PDA

View Full Version : Christian Standard Bible?



MaryFreeman
Mar 6th 2010, 06:17 PM
Can anyone share thoughts and opinions on this version? I have read a bit.... And compared it to trusted versions.... I feel as if some input from you all would be a comfort.... :confused I haven't seen anything yet that would make me question....

Have you?

Amos_with_goats
Mar 6th 2010, 06:26 PM
Can anyone share thoughts and opinions on this version? I have read a bit.... And compared it to trusted versions.... I feel as if some input from you all would be a comfort.... :confused I haven't seen anything yet that would make me question....

Have you?

I have no knowledge of this version, but have to say that the name makes me smile. I like the idea of a "Christian Standard Version" but somehow think it will not be published on paper... (but be seen face to Face, when we no longer have need for the sun, for the Son shall be our light...) :)

Blessings,.

Jemand
Mar 6th 2010, 06:57 PM
The Holman Christian Standard Bible (HCSB) is a product of the Southern Baptist Convention with some help from non-Baptists. It is a little bit more literal than the NIV, but very much less literal than NASB. The HCSB was produced largely because the SBC is moving away from the NIV toward the NASB, and the SBC was not able to purchase the copyright to the NASB. All of this is explained in detail, along with very much more information, in an article here:

http://www.bible-researcher.com/csb.html

MaryFreeman
Mar 6th 2010, 07:03 PM
Thank you guys!

grit
Mar 6th 2010, 07:20 PM
I agree with Jemand. The HCSB and the ESV were developed by conservative American Christians in response to the planned major tinkering with the NIV they'd grown to love. The Southern Baptist Convention decided it couldn't continue to trust some other on-going translation committee be responsible for what it's members relied upon as God's Word, so they designed to formulate the HCSB as a literal but reader-friendly translation.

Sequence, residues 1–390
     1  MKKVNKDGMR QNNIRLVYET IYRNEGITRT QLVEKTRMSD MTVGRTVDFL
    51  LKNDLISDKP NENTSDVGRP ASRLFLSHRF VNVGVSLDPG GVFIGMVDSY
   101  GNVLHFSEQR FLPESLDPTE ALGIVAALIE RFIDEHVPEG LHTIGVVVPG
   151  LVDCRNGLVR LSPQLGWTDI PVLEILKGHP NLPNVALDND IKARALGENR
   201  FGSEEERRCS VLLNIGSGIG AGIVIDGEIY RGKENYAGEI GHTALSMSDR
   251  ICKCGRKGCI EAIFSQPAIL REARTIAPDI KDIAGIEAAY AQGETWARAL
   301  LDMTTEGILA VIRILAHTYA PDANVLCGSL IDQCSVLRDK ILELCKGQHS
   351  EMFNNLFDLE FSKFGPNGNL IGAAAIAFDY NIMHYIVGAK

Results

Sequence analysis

-SEEKING-
Mar 7th 2010, 01:07 AM
I love to use this version as my everyday reading version. :thumbsup:

crossnote
Mar 7th 2010, 01:30 AM
I never heard of this version. It sounds like it makes a great 'reading' bible but a half page short of a study bible.
BTW what group was 'tinkering' with the NIV?

Amos_with_goats
Mar 7th 2010, 01:33 AM
I still think the idea of the 'standard Christian' is interesting to ponder......:hmm:

MaryFreeman
Mar 7th 2010, 02:02 AM
I still think the idea of the 'standard Christian' is interesting to ponder......:hmm:
Sounds boring Amos :lol:

NO but seriously.... I was taking a look at it and it reminded me of the NLT (which I love as a reading bible!) except more.... Well.... Literally translated.... I didn't see anything missing though....

Gave one to my hubbs is why I asked.... He's new round these parts.....

MaryFreeman
Mar 7th 2010, 02:04 AM
I agree with Jemand. The HCSB and the ESV were developed by conservative American Christians in response to the planned major tinkering with the NIV they'd grown to love. The Southern Baptist Convention decided it couldn't continue to trust some other on-going translation committee be responsible for what it's members relied upon as God's Word, so they designed to formulate the HCSB as a literal but reader-friendly translation.